Japan previously took measures to prevent global warming based on the premise that nuclear power generation, which does not emit carbon dioxide, accounted for 30 per cent of all electricity generated in the nation.
But after the onset of the crisis at Tokyo Electric Power Co.'s Fukushima No. 1 nuclear power plant, nuclear reactors around the country were shut down. The move has cast a shadow over the government's efforts to address global warming because it is difficult to gauge to what extent nuclear power generation can recover its percentage of total electricity generated in the nation.
According to the Environment Ministry, Japan's greenhouse gas emissions increased to 1.34 billion tons in fiscal 2012, up 7 per cent compared to the figure before the nuclear crisis, stemming from Japan's increased dependence on thermal power generation to make up for the lack of nuclear power generation.
In November last year, the government set a new target to reduce greenhouse gas emissions by fiscal 2020 by 3.8 per cent compared to the fiscal 2005 figure, assuming nuclear reactors will remain offline. The international community criticised the new target as a shocking rollback, given the 3 per cent increase compared to the fiscal 1990 figure.
The proportion of future nuclear power generation was also excluded from the Basic Energy Plan endorsed by the Cabinet in April. Unless the percentage of nuclear power generation is decided, making reduction targets in 2020 and thereafter will be difficult.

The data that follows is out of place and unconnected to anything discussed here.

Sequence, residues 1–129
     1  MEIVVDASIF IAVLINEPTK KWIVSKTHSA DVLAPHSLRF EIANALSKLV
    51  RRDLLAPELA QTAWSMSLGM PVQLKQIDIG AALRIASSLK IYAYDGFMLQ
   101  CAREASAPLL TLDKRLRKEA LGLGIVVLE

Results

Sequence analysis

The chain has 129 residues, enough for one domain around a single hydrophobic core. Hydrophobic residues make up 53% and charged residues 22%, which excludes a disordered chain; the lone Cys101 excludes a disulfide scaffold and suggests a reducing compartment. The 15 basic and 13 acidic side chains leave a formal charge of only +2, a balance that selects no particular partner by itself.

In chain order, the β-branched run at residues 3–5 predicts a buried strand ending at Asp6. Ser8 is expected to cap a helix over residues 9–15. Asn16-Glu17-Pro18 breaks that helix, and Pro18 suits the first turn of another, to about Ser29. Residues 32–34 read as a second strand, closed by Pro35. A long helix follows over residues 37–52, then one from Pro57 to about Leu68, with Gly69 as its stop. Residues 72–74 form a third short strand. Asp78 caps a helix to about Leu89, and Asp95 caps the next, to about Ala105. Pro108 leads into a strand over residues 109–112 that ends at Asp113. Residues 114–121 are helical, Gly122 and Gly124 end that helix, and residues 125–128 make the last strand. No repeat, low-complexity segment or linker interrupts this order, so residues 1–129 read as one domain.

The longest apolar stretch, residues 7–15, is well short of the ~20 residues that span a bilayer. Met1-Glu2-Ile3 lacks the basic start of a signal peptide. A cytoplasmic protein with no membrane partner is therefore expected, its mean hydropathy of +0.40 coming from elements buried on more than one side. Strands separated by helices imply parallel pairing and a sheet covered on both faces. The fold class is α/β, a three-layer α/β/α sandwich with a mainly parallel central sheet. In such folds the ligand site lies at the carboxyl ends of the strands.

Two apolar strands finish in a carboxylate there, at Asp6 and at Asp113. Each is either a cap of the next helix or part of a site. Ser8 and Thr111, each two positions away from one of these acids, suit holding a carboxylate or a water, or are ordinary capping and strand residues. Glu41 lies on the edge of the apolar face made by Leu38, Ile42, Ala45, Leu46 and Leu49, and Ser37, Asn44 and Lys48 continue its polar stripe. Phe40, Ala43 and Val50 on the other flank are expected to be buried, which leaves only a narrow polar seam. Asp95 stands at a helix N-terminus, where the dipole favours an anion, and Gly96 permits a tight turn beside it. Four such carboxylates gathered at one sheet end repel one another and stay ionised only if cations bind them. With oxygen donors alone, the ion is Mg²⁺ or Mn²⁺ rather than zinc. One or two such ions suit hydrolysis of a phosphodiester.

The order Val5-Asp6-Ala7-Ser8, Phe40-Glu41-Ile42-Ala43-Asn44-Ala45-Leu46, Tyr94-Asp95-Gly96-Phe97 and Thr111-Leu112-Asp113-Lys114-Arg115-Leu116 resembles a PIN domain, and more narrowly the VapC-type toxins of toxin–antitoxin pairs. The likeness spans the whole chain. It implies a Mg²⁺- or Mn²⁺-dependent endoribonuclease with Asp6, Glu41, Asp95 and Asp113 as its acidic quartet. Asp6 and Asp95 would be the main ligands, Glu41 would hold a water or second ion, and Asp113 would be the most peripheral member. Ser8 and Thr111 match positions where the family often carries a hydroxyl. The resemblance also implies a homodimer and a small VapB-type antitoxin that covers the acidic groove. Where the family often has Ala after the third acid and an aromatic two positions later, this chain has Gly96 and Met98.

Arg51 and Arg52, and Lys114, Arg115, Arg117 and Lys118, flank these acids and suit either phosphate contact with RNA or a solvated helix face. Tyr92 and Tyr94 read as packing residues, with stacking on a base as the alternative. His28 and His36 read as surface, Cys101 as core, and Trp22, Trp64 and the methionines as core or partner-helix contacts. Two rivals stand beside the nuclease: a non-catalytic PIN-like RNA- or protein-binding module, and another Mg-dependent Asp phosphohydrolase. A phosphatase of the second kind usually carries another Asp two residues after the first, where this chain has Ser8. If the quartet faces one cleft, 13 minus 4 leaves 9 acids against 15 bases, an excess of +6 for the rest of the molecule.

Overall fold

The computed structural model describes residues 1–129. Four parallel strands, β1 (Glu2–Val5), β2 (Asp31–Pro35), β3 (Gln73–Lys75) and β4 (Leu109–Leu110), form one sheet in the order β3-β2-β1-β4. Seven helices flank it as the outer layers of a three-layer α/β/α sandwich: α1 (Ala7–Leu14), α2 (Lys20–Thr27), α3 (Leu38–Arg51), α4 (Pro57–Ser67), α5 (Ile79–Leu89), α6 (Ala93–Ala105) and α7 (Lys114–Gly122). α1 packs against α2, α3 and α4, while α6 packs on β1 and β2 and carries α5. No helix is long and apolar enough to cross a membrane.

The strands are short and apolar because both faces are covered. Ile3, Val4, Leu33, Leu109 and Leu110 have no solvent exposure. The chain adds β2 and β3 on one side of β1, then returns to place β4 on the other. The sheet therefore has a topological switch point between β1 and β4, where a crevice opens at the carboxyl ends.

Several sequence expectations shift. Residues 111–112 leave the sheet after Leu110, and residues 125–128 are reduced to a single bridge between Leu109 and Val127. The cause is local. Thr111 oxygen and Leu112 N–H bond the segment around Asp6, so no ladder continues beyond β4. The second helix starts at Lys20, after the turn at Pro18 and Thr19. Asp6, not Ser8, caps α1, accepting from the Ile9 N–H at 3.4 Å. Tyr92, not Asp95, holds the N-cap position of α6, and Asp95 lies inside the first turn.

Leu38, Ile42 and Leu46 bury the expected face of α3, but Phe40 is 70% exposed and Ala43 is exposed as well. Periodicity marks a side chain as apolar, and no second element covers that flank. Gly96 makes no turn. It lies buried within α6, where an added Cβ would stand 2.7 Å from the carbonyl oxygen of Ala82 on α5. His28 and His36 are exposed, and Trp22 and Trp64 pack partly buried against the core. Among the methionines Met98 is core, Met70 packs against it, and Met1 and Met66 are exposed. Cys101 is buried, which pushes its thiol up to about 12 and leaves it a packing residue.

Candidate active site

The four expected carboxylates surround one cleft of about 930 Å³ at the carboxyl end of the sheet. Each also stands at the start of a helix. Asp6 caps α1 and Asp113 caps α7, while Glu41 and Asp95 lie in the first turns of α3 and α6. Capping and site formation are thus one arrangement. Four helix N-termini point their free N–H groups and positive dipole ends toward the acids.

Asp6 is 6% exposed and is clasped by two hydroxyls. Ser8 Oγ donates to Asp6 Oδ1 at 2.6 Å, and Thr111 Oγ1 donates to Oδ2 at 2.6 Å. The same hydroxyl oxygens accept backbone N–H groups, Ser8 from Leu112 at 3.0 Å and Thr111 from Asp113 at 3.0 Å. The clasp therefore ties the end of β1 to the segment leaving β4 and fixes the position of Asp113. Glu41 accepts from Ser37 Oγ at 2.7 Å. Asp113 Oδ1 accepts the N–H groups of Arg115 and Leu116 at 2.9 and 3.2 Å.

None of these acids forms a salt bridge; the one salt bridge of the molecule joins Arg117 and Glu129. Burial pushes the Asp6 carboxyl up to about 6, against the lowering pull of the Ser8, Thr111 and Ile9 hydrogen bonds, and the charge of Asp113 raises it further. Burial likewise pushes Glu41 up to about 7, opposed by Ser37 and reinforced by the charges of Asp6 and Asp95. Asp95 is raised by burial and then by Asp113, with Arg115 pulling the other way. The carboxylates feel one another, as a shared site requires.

A senior Economy, Trade and Industry Ministry official said the government is faced with the dilemma of being unable to easily show the proportion of nuclear power generation.
"The proportion of nuclear power generation and the restart of nuclear reactors are critical issues that might split public opinion," he said.
The Basic Energy Plan says the introduction of renewable energy sources, which do not emit carbon dioxide, should be promoted. But renewable energy sources currently account for less than 2 per cent of total electricity generated in Japan, excluding hydroelectric dams and other large-scale hydroelectric systems.
The extent to which hydroelectric power generation can be increased remains unclear because of generation costs and the future course of reform of the electricity system.
A senior official at the Environment Ministry expressed his concerns and said, "Japan will ruin the international community's efforts [against global warming] if it keeps wasting time and fails to submit its reduction targets in 2020 and thereafter."Speech